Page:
My Dad was born in 1924, about 498 years before social media spaces were invented. I thought about him quite a bit this year around Thanksgiving, as that holiday was always big deal for him, and our family. Somewhere over the last couple of days, a social media light bulb went off in my head.
He loved Thanksgiving for a couple of reasons. One, because he loved being alive, and was very thankful for that. (I guess fighting through a horrid existence in the Army in WWII, and surviving a greater horrid existence as a prisoner of war will do that to a guy.) Two, he was thankful for his loving wife and family of five children. Moreover, getting us together as young adults, and with growing families of our own was no small feat. He said a prayer before every Thanksgiving meal, and it ended with “…and we’re all together.” He just wanted us all to be together for a day, laughing, eating, telling stories and having some fun. Together.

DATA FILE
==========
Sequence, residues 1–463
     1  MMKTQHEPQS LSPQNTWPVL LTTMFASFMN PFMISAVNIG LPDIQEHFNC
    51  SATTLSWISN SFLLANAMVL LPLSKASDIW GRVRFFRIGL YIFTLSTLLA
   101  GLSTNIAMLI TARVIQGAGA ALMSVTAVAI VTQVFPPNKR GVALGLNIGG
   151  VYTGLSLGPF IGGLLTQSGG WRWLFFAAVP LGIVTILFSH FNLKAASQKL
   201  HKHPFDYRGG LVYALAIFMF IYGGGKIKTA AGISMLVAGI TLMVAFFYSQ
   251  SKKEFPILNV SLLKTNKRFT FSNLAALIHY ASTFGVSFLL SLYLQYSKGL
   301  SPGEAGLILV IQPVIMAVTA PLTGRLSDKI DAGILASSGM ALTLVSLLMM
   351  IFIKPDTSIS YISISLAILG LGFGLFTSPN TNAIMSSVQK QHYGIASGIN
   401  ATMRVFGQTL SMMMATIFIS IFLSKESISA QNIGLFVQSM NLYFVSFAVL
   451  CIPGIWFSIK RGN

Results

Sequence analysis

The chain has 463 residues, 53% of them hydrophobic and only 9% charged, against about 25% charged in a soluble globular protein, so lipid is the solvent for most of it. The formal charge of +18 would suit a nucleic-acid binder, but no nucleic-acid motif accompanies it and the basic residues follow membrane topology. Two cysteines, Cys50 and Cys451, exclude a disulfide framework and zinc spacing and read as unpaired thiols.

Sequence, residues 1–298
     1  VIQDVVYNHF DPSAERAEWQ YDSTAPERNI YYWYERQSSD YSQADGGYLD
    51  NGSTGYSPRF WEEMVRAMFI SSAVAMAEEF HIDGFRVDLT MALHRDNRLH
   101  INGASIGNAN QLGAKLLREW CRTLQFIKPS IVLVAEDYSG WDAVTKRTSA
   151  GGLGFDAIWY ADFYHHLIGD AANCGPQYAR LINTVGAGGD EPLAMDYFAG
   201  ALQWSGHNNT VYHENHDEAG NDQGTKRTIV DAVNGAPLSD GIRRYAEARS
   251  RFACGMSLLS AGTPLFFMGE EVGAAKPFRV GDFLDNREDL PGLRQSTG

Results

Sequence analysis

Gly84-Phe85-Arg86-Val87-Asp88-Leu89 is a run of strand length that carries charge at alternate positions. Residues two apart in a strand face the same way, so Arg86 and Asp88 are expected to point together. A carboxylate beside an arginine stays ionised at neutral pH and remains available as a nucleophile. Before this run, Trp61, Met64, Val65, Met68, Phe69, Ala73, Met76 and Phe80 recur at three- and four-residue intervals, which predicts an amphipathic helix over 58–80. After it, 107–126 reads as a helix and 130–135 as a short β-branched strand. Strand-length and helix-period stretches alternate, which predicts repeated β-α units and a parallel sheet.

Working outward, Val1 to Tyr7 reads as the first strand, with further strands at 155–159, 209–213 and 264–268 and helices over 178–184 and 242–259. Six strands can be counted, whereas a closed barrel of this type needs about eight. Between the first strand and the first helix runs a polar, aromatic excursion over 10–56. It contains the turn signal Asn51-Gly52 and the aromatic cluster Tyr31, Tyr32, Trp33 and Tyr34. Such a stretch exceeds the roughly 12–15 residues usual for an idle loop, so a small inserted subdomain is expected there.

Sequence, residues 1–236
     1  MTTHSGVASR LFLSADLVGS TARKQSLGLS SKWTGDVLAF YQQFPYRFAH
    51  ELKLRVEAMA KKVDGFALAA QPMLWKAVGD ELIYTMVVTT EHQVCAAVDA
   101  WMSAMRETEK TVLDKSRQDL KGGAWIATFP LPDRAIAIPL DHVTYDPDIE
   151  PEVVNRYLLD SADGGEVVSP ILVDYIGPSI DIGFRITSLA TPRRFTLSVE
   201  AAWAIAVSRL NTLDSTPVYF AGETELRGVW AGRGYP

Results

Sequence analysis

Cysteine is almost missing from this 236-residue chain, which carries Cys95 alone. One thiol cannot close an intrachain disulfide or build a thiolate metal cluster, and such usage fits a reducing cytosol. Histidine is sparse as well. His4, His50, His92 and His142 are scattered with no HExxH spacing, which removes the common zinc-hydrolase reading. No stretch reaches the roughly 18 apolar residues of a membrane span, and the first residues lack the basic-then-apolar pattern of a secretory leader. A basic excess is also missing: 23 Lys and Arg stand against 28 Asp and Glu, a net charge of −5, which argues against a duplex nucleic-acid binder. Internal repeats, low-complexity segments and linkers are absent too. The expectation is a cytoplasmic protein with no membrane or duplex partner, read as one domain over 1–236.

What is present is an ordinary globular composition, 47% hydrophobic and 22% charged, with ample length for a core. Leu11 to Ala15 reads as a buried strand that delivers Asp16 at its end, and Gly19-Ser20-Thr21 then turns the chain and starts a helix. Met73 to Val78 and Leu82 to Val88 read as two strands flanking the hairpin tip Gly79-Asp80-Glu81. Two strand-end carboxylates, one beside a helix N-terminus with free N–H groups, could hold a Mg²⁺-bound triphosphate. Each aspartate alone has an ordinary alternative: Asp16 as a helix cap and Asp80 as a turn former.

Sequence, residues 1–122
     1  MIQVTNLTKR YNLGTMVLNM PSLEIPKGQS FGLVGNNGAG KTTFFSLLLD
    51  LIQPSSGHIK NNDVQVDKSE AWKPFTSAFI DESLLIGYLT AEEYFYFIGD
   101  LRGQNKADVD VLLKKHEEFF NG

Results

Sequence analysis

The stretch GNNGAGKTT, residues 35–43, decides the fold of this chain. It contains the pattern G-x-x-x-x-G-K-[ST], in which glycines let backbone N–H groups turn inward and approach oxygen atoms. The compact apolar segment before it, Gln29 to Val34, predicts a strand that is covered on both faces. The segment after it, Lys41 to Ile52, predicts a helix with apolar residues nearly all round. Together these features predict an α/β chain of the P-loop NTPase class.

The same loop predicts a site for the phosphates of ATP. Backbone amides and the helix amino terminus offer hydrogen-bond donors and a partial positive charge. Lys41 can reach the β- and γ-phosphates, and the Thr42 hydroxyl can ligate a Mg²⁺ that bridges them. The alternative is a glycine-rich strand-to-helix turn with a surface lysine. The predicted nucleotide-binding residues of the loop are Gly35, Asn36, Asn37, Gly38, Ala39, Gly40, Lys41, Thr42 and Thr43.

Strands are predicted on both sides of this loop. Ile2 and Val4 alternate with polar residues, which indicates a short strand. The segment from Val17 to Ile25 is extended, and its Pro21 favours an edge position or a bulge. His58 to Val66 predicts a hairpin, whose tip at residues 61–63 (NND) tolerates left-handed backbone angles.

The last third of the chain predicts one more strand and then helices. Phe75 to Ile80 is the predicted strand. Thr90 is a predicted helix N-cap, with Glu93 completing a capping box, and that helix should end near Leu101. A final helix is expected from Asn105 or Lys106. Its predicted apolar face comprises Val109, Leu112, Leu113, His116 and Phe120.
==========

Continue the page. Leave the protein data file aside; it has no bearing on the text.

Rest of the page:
So here’s the cheap a-ha realization/analogy about my Dad’s sentimental big day.
Participating in social media is like being a Wallman on Thanksgiving: it’s about being all together. We share. Talk. Laugh. Tell stories. Debate. Engage. And eat pie.
When we Wallmans are not together, we’re living the life that we talk about when we come back together. When we social citizens are not together online, we’re living the life that we talk about when we come back together. We share. Talk. Laugh. Tell stories. Debate. Engage. If only we could eat pie online.